Authors: Mahboobeh Moghaddam; Hamid Shobeiri Nejad; Mahmoud Mesbah; Mark Hickman
Addresses: School of Economics, The University of Queensland, St Lucia, QLD 4072, Australia ' School of Environment and Science, Griffith University, Nathan, QLD 4111, Australia ' Department of Civil and Environmental Engineering, Amirkabir University of Technology, Tehran, Iran; School of Civil Engineering, The University of Queensland, St Lucia, QLD 4072, Australia ' School of Civil Engineering, The University of Queensland, St Lucia, QLD 4072, Australia
Abstract: Telecommunication companies who face challenges of aging infrastructure need to balance the cost of maintenance with that of providing their services within a service level guarantee. For Telstra, the largest telecommunication company in Australia, this balance is achieved by adopting a passive approach to handle the faults that occur in the network. Rather than actively preventing faults, technicians are assigned to fix faults in a timely manner. However, to achieve an efficient and timely technician assignment, a prediction model is needed to advise planners of the potential number of faults in the network. From statistical analysis, we have developed a fault prediction model by investigating 29 months of data of faults. Our prediction model shows that rain has a significant impact on the number of faults in many areas across Australia, which can be the result of the aging infrastructure.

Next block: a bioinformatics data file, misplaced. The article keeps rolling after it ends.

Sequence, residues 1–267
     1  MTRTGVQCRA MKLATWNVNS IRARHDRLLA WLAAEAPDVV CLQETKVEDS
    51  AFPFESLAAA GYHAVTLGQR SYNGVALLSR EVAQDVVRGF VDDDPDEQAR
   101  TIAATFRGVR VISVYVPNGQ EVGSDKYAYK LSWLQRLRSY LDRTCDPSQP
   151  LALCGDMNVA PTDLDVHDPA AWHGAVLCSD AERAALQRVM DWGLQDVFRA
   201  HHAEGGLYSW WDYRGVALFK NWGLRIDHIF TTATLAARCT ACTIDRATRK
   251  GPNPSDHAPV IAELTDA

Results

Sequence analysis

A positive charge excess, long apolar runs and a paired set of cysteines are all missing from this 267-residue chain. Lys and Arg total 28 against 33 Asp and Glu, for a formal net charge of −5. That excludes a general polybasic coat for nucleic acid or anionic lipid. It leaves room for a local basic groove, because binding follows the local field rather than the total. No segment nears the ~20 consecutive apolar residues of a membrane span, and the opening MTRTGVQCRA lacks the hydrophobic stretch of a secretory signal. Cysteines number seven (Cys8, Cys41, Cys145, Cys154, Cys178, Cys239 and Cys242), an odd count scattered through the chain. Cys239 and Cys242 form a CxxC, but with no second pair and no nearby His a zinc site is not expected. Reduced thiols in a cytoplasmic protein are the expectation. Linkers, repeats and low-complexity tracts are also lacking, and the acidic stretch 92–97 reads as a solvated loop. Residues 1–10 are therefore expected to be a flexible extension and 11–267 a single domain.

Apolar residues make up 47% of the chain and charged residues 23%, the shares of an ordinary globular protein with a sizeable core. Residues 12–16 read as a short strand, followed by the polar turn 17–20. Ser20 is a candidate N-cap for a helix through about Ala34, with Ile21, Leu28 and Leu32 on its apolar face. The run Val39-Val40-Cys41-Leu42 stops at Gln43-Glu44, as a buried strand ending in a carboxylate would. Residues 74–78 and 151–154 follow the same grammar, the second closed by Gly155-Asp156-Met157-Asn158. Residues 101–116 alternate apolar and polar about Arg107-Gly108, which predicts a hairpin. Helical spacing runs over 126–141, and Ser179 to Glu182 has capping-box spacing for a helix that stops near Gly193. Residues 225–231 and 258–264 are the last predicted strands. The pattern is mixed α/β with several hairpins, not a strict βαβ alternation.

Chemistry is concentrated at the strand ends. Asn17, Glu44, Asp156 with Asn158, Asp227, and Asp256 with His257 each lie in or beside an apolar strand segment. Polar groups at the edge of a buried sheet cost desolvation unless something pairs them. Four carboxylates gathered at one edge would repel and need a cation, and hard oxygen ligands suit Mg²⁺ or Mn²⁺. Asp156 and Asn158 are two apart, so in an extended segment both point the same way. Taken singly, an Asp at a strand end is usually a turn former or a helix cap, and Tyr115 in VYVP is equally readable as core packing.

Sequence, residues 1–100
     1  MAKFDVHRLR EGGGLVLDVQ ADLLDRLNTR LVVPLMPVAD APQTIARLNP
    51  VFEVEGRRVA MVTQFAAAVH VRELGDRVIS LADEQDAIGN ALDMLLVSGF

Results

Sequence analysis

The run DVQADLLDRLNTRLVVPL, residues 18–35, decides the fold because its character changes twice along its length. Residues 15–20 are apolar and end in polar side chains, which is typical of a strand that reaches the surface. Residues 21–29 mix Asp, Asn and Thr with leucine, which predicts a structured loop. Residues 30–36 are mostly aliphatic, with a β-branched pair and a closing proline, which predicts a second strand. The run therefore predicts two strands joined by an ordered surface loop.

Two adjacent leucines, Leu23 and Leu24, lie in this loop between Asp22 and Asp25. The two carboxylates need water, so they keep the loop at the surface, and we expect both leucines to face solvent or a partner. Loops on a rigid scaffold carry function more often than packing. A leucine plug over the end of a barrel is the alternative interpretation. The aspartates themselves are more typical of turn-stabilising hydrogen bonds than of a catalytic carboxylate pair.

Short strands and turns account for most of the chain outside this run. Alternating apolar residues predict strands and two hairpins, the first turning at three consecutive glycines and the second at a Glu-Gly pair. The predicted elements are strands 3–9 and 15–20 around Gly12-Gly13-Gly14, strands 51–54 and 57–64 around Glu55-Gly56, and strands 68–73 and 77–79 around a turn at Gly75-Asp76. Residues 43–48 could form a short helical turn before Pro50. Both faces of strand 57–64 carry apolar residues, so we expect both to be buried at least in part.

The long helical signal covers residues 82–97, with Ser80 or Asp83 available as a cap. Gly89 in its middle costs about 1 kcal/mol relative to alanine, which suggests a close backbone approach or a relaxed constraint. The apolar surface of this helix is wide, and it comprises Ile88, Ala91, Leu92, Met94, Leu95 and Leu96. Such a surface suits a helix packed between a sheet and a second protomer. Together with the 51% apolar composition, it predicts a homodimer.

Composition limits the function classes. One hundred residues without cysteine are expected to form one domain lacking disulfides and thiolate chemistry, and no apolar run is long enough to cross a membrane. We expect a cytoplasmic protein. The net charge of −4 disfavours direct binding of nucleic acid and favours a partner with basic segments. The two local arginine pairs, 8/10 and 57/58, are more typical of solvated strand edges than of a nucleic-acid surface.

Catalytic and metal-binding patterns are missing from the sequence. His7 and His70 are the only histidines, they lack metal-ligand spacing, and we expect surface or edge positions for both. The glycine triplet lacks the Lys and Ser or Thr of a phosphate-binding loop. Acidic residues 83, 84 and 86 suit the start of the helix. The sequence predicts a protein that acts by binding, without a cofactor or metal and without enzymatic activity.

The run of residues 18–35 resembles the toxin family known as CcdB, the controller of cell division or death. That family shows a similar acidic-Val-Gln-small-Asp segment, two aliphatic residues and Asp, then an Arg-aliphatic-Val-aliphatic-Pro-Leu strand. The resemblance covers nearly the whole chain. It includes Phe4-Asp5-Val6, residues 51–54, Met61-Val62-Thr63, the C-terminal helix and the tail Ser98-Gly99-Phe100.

Keywords: aging infrastructure; network management; fault prediction model; statistical analysis; wired copper networks; rain effect.
International Journal of Critical Infrastructures, 2018 Vol.14 No.3, pp.268 - 293
Available online: 24 Aug 2018 *Full-text access for editors Access for subscribers Purchase this article Comment on this article